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Nick & Tim’s Travel Diary

Monday, 09 Jun 2003

Location: Hope, Canada

Map610 Km

Well, well folks - its been a few kilometres since we last updated and we are still having troubles getting photos to you. While the battery chatges on one of our cameras here is a full version of the story so far.

The ride started out with a tearful goodbye to Pip and the house in Vancouver. Not so teary for the Pipster as we were going to see her a few days later, but still it was an event not to be forgotten. Straight into downtown with our fully laden bikes to get the bus to Twassen for the ferry ride over to Schwartz Bay on Vancouver Island. Again (and thankfully) uneventful. We set off from the ferry terminal there to the start of the ride in Victoria a city at the south end of the island. We arrived at 'Mile 0' with around 50km on the clock already. Mile 0 is where the Trans Canada starts in Victoria. Some crazy Japanese tourists took our photo after their interpreter told them what we're doing. Next it was the quickest tour of Victoria ever and on our way to the first camp site at Thetis lake another 20km away. The ride did start with a minor disaster as Tim's helmet fell off the back of the bike and broke. Super glue has since fixed it (along with a few other things- the super glue is a must!)

Next day was our first full day of Trans Canada riding. The weather was glorious, as it has been so far, although a little hot climbing to a town called Malahat on a busy freeway. For the most part though we spent the day moving up the island on old disused railway. Making the riding quick. Someone had kindly covered a lot of the trail with gravel, much to Nick's annoyance. At lunch we met 'Old Air Force Dude', who was walking his dog in the middle of nowhere. He said we were the most interesting (probably read crazy) people he had ever met on his walks. Thanks 'Old Air Force Dude'. In the afternoon we came across our first Tressel - the Kinsol Tressel. These large wooden structures are incredible. This one was huge, and unfortunately not in use. So we had to detour down the valley and up into a logging area to get through the valley. We did get a little lost, and had the bear incident mentioned in our last update, but aside from that was fun - and proved you can mountain bike with 15kg of load on the bike (later disproved unfortunately). We met the railway again and put in some more k's, scared to death only once by a huge black dog that jumped out onto the trail from nowhere - impersonating a bear. That night we camped wild - near a beautiful river and amongst some dense forest. Very nice after a 90km day.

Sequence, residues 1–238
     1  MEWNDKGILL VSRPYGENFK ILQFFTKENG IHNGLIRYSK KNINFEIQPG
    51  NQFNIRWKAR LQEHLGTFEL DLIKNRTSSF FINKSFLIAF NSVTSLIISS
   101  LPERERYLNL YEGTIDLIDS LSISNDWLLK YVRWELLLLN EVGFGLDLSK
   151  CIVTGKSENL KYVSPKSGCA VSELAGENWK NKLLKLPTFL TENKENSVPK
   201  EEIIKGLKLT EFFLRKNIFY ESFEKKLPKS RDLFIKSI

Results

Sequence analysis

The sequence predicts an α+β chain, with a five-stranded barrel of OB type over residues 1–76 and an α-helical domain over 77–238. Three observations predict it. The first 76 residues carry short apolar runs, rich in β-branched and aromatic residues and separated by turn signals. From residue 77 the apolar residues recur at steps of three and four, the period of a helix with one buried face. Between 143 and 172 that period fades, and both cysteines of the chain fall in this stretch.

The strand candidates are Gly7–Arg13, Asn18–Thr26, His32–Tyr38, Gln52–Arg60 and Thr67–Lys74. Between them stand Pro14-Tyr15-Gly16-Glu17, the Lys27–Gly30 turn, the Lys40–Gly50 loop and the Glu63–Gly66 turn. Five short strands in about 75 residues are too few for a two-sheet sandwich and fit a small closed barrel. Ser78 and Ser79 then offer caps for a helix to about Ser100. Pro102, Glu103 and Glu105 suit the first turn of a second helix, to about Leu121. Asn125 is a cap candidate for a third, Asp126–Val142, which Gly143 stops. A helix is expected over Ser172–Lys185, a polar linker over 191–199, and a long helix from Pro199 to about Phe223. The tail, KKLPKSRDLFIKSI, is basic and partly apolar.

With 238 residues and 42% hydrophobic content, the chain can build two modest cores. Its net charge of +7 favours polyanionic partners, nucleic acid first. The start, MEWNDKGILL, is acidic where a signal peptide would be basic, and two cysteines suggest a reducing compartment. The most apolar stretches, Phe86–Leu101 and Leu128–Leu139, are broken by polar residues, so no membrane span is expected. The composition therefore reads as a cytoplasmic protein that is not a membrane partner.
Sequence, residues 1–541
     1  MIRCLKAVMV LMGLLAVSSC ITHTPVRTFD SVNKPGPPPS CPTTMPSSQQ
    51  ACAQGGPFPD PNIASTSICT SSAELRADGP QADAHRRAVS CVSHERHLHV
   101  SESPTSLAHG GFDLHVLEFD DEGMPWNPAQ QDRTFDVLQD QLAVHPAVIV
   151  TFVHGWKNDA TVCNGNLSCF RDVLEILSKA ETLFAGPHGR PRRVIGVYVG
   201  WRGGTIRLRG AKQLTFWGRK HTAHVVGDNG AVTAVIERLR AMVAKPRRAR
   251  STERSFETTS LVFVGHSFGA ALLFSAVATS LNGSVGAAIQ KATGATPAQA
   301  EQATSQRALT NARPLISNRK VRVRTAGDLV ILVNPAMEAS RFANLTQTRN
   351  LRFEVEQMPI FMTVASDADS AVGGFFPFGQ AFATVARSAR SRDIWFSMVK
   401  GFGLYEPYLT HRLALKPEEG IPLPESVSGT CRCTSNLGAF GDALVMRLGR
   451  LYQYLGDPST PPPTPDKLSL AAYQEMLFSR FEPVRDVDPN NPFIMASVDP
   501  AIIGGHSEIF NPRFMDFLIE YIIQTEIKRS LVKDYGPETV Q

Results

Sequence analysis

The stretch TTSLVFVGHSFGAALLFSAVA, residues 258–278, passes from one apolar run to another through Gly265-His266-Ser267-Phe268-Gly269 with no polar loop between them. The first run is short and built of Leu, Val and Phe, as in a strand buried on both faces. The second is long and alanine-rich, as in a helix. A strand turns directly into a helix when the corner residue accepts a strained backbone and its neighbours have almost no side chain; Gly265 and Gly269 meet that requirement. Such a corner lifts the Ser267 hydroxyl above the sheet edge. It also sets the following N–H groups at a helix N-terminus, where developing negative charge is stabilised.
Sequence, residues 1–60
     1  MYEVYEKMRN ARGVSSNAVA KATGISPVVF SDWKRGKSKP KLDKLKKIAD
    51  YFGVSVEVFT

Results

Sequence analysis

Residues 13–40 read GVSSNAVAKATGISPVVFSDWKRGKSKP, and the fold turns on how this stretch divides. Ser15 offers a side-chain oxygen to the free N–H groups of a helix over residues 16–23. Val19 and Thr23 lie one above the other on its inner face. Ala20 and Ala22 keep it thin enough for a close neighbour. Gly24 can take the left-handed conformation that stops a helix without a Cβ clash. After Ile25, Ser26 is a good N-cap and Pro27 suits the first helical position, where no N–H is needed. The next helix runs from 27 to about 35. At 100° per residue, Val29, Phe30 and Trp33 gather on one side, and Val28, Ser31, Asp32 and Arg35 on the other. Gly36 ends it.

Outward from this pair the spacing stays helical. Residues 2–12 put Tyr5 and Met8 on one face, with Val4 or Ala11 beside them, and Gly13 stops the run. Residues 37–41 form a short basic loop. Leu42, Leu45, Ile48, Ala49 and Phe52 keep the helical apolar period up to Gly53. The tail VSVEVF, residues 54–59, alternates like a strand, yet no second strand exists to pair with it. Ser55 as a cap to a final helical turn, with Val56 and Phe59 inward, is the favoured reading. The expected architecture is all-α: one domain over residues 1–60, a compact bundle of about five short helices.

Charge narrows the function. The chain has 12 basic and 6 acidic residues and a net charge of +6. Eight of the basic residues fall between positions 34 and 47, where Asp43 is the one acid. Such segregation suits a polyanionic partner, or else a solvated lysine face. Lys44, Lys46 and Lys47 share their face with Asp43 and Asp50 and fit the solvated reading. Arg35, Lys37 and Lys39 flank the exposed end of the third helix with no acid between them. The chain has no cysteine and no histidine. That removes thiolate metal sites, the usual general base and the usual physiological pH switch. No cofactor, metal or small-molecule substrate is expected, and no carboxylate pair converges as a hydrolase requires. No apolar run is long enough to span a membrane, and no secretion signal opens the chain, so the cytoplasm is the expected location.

Day three involved some really nice riding to the west, out to a town called Lake Cowichan. Very nice little place, nice lake - and the furthest west we will go. About 5km out of town the tire explosion incident occured. Tim thought he was being shot at. Nick lost his hearing for a while. He also lost a tire and had to go back into town for a new one (thats tire - not inner tube, it was quite the blowout). Finaly back on track we traveled back to the coast and had burger king (thanks to BK man who filled our bottles with ice water). We then slogged it up the coast to Ladysmith, we met the 'Friendly Mullet' mentionned before along the way. In Ladysmith we could find nowhere to camp. We'd already cycled 80km and weren't in the mood for more, but, alas we had to cycle another 15km to find a campground. We were rewarded however, the Rondalyn Retreat as it was called had a pool and hottub!! We used the facilities to their fullest.